Can the new housing minister make a difference before the election?

lee rowley portrait

The past nine housing ministers have come and gone in the time it takes to get a large project to site, says Joey Gardiner. So what are the chances that the latest incumbent in the role can do what is required to pick the industry up off the floor?

It takes an average of five years, according to consultant Lichfields, from submitting and validating a planning application on a large site to completion of the first homes. So, with the appointment this week of Lee Rowley as the Conservative government’s 16th housing minister since 2010, it turns out that you could have seen out the last nine ministers to hold the office in the average time required to get a big project from the drawing board to delivery.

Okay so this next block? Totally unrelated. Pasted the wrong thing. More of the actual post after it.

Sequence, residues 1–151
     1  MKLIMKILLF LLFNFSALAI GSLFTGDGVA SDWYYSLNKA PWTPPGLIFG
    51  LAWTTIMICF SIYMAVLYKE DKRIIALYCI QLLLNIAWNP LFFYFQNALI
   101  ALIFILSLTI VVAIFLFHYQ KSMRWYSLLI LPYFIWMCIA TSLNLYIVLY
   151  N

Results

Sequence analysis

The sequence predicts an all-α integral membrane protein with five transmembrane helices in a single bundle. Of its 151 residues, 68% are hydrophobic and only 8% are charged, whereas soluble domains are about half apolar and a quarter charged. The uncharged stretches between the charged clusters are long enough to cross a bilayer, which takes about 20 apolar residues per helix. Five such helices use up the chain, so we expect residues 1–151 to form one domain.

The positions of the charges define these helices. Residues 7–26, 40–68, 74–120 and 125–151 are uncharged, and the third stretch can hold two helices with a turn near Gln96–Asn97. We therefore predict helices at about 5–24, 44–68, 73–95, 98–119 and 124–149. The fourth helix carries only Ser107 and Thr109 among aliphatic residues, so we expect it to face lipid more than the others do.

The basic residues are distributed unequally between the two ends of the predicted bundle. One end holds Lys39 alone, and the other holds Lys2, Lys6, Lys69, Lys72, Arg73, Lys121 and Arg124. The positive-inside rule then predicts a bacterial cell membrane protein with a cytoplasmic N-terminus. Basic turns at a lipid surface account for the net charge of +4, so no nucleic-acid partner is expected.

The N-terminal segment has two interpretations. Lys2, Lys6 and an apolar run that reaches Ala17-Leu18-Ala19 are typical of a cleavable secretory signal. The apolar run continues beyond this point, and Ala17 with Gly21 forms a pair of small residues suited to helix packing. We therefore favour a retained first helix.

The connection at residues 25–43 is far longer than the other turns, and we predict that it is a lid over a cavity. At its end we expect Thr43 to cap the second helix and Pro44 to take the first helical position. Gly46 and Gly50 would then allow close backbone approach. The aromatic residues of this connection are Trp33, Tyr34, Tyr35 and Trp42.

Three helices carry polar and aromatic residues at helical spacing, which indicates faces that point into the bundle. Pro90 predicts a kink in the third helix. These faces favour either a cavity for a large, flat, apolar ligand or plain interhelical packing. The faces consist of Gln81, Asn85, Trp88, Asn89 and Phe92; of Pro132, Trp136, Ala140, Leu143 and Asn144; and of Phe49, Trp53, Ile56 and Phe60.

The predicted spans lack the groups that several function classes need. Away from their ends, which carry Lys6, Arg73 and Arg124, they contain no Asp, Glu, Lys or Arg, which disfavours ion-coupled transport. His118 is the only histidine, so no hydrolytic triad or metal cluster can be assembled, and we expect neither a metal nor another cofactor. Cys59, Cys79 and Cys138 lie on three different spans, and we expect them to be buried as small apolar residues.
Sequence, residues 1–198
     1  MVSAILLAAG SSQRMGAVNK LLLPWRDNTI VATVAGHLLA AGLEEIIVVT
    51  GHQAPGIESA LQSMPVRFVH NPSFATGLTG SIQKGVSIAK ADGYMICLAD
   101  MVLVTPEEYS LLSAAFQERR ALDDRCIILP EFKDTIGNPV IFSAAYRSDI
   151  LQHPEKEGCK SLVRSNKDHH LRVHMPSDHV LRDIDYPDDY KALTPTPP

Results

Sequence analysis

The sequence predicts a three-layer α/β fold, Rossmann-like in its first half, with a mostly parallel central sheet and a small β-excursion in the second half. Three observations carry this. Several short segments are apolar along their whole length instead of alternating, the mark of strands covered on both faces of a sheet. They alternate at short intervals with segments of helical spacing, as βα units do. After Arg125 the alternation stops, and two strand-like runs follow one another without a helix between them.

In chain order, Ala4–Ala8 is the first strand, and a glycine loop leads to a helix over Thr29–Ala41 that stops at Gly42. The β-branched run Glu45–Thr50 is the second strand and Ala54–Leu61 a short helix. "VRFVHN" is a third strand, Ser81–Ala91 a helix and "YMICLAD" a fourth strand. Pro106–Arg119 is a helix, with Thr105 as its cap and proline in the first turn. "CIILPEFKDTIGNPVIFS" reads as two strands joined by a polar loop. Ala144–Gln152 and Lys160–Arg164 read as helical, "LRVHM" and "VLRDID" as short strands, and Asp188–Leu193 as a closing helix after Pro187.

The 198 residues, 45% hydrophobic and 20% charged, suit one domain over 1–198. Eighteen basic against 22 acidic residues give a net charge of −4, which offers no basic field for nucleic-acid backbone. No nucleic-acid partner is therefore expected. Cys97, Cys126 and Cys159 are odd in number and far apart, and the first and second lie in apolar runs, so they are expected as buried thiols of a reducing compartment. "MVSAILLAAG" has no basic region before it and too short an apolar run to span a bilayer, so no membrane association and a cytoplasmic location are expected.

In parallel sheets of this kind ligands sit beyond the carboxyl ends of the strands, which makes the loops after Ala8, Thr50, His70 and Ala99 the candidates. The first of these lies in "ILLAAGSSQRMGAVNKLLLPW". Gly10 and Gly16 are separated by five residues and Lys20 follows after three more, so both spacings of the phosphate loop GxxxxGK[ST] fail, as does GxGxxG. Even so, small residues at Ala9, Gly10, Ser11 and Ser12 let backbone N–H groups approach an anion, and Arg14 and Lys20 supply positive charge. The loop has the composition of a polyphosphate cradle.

Given this shockingly rapid turnover at the Department for Levelling Up, Housing and Communities (DLUHC), it is perhaps not surprising that Rachel Maclean’s sacking this week in prime minister Rishi Sunak’s reshuffle, a day before she was due to introduce the Renter’s Reform Bill to committee, has been greeted largely with irritation rather than enthusiasm.

The RIBA president Muyiwa Oki says the lack of continuity was “incredibly frustrating”, while Peter Hardy, partner at law firm Addleshaw Goddard, says it arguably does not matter who the replacement for the well-liked Maclean was, given how little time ministers are given, and that “the next incumbent will inevitably be gone, too, in a matter of months”.

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